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- An Adventure With A Genius - 16/21 -
office of a general agent who had advertised for hands to go down the Mississippi and take up well-paid posts on a Louisiana sugar plantation. The agent demanded a fee of five dollars from each applicant, and, by pooling their resources, the members of this wretched band managed to meet the charge. The same night they were taken on board a steamer which immediately started down river. At three o'clock in the morning they were landed on the river bank about forty miles below St. Louis, at a spot where there was neither house, road, nor clearing. Before the marooned party had time to realize its plight the steamer had disappeared.
A council of war was held, and it was decided that they should tramp back to St. Louis, and put a summary termination to the agent's career by storming his office and murdering him. Whether or not this reckless program would have been carried out it is impossible to say, for when, three days later, the ragged army arrived in the city, worn out with fatigue and half dead from hunger, the agent had decamped.
A reporter happened to pick up the story, and by mere chance met Pulitzer and induced him to write out in German the tale of his experiences. This account created such an impression on the mind of the editor through whose hands it passed that Pulitzer was offered, and accepted, with the greatest misgivings, as he solemnly assured us, a position as reporter on the Westliche Post.
The event proved that there had been no grounds for J. P.'s modest doubts. After he had been some time on the paper, things went so badly that two reporters had to be got rid of. The editor kept Pulitzer on the staff, because he felt that if anyone was destined to force him out of the editorial chair it was not a young, uneducated foreigner, who could hardly mumble half-a-dozen words of English. The editor was mistaken. Within a few years J. P. not only supplanted him but became half- proprietor of the paper.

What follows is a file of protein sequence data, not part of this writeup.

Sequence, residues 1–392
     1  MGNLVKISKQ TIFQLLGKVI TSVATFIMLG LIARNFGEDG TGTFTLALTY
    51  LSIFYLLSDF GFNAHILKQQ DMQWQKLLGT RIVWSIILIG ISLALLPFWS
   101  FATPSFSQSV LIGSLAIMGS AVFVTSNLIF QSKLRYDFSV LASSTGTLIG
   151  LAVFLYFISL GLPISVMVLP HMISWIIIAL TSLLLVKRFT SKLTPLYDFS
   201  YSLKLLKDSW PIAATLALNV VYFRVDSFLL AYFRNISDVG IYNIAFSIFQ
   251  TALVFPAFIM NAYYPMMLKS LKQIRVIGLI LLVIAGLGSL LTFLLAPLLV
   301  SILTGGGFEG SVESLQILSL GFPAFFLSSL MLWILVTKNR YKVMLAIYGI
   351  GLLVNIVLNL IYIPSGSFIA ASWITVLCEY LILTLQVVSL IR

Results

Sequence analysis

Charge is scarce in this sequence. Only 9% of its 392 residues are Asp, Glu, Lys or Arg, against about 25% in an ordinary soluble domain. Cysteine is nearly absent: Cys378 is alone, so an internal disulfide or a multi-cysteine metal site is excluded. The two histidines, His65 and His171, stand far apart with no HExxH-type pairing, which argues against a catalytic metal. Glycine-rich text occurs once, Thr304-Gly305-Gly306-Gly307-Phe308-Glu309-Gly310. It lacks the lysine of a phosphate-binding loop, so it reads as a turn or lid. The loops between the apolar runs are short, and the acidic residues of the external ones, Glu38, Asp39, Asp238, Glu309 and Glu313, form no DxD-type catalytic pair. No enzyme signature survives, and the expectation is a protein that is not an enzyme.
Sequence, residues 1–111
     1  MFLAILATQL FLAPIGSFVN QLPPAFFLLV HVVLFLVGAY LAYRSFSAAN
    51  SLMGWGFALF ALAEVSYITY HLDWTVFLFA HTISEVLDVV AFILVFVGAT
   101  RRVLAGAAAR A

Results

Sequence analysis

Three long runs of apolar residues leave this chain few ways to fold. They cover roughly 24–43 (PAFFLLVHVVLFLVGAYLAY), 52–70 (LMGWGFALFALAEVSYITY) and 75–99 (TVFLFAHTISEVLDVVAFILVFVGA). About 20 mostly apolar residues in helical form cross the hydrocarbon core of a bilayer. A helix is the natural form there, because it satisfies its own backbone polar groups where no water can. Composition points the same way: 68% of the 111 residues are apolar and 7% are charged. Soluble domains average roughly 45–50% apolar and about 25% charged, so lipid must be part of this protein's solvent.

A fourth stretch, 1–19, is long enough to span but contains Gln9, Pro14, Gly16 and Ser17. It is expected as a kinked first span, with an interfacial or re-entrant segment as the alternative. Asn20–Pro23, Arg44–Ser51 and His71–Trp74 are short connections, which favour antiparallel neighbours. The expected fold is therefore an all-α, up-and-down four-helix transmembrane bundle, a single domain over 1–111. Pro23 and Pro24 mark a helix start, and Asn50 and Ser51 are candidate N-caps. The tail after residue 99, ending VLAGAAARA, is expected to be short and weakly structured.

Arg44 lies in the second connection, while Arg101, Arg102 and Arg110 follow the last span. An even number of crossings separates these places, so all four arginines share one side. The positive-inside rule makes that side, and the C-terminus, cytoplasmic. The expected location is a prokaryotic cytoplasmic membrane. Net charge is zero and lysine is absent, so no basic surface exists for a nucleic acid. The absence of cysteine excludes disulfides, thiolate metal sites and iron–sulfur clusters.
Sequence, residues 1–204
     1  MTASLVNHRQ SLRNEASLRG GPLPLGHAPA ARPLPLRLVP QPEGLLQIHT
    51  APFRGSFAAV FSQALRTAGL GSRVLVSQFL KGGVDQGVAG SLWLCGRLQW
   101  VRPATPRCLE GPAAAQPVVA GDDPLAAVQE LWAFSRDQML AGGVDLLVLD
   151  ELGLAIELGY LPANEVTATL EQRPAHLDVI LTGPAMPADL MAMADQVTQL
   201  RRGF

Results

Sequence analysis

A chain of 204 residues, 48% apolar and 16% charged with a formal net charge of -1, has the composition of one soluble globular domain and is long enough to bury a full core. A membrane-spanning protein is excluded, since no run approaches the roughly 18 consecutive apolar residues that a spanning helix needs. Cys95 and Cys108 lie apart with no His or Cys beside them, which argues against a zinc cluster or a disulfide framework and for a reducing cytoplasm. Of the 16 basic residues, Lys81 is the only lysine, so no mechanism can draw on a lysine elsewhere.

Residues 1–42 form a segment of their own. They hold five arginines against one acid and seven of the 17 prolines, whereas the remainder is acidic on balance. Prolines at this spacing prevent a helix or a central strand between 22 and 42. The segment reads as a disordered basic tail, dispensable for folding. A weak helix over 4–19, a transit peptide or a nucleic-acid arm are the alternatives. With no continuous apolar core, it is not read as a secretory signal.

Another interesting anecdote of his early days, which he told with great relish, related to his experience as a fireman on a Mississippi ferryboat. His limited knowledge of English was regarded by the captain as a personal affront, and that fire-eating old-timer made it his particular business to let young Pulitzer feel the weight of his authority. At last the overwork and the constant bullying drove J. P. into revolt, and he left the boat after a violent quarrel with the captain.
Whenever J. P. reached this point in the story, and I heard him tell it several times, his face lighted up with amusement, and he had to stop until he had enjoyed a good laugh.
"Well, my God!" he would conclude, "about two years later, when I had learned English and studied some law and been made a notary public, this very same captain walked into my office in St. Louis one day to have some documents sealed. As soon as he saw me he stopped short, as if he had seen a ghost, and said, "Say, ain't you the damned cuss that I fired off my boat?"
"I told him yes, I was. He was the most surprised man I ever saw, but after he had sworn himself hoarse he faced the facts and gave me his business."
Mr. Pulitzer always declared that the proudest day of his life, the occasion on which his vanity was most tickled, was when he was elected to the Missouri Legislature. Things were evidently run in a rather happy-go-lucky fashion in those early days, since, as he admitted with a reminiscent smile, he was absolutely disqualified for election, being neither an American citizen nor of age.